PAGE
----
JOURNAL ARTICLE
REVIEW

Theoretical rationale and practical recommendations for cardiopulmonary exercise testing in patients with chronic heart failure

Lee Ingle
Heart Failure Reviews 2007, 12 (1): 12-22
17393306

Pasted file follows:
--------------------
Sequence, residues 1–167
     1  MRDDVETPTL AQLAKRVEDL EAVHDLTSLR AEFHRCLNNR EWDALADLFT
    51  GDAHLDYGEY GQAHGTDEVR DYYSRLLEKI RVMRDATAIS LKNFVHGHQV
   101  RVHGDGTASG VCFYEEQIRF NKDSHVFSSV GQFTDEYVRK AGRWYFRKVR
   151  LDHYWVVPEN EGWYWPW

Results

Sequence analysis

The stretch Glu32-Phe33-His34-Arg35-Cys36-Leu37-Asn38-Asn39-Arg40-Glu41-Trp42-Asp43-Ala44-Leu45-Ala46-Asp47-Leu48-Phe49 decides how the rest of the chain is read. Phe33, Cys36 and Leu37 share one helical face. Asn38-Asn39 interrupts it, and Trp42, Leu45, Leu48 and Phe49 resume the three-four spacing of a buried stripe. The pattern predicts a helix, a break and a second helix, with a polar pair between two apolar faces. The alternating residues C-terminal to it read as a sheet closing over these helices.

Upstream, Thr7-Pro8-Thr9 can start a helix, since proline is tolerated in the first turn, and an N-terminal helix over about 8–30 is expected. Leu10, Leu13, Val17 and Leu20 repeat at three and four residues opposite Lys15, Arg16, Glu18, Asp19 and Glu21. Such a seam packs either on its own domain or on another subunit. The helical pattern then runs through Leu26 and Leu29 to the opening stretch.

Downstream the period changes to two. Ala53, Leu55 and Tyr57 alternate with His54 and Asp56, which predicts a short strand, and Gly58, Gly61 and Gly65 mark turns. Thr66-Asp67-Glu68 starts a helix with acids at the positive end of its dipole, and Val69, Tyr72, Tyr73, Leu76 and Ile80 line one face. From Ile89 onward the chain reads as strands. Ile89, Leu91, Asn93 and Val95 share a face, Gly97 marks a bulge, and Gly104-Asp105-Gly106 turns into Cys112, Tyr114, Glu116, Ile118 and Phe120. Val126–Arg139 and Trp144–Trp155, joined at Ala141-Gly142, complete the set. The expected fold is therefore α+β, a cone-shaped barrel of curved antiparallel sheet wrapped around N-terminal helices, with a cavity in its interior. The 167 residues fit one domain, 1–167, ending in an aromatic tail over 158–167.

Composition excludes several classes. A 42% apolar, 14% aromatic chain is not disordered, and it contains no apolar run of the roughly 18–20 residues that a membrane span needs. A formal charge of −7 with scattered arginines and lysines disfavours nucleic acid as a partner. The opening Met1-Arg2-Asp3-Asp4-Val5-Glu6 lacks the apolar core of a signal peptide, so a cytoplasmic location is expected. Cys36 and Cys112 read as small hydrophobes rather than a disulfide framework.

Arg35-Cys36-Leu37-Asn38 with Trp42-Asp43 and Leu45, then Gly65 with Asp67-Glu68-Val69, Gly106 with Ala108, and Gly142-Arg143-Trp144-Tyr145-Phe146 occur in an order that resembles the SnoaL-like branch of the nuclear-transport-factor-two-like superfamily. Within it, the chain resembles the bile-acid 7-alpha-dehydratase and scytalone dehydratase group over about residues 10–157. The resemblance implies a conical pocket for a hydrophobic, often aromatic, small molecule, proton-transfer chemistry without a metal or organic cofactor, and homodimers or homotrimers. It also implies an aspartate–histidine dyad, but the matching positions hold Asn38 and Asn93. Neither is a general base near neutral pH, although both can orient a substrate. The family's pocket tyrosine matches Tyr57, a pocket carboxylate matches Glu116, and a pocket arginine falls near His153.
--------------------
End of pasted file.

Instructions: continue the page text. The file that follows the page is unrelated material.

The syndrome of chronic heart failure (CHF) becomes increasingly prevalent in older patients, and while mortality rates are declining in most cardiovascular diseases, both prevalence and mortality in CHF remain high. The heart is unable to meet the demands of the skeletal musculature, and symptoms manifest as dyspnoea and signs of fatigue during exercise. The cardiopulmonary exercise test (CPET) can provoke symptoms which may be useful in improving the accuracy of diagnosis in CHF in a non-invasive setting. CPET also provides important information on the pathophysiology of exercise limitation, risk stratification and can establish exercise-training protocols. The information provided by the CPET allows suitable pharmacological or device-based adjustments to be considered in the management of CHF, which can be crucial in maintaining a patient's quality of life. This manuscript provides a useful insight into the theoretical rationale and practical recommendations for CPET in patients with CHF. Prior to CPET, it is important to consider the mode of exercise, as cycle ergometry or treadmill protocols will yield different outcomes in patients with CHF. We discuss how pre-CPET set-up procedures should be conducted and also the significance of electrocardiographic abnormalities found in CHF patients, and how these should be interpreted. The assessment of lung function is integral to the underlying pathophysiological basis of exercise limitation and we explain how this should be performed. CHF patients display the following abnormal exercise responses which can be identified by CPET: peak oxygen uptake ( [Formula: see text] peak), anaerobic threshold (AT), DeltaVO(2)/Delta work rate (WR), peak oxygen pulse, estimated peak stroke volume and predicted peak heart rate are reduced. The [Formula: see text] slope is abnormally high and the breathing reserve is normal or high. An immediate post-exercise increase in O(2) pulse is evident, and/or a regular oscillatory breathing pattern has been observed at lower exercise intensities in some CHF patients. Symptoms of breathlessness, fatigue, and/or leg pain occur earlier during CPET and may cause the CPET to be aborted early. We explain the significance of the 9-panelled array, and how it can help to determine the underlying pathophysiology of exercise intolerance in these patients.

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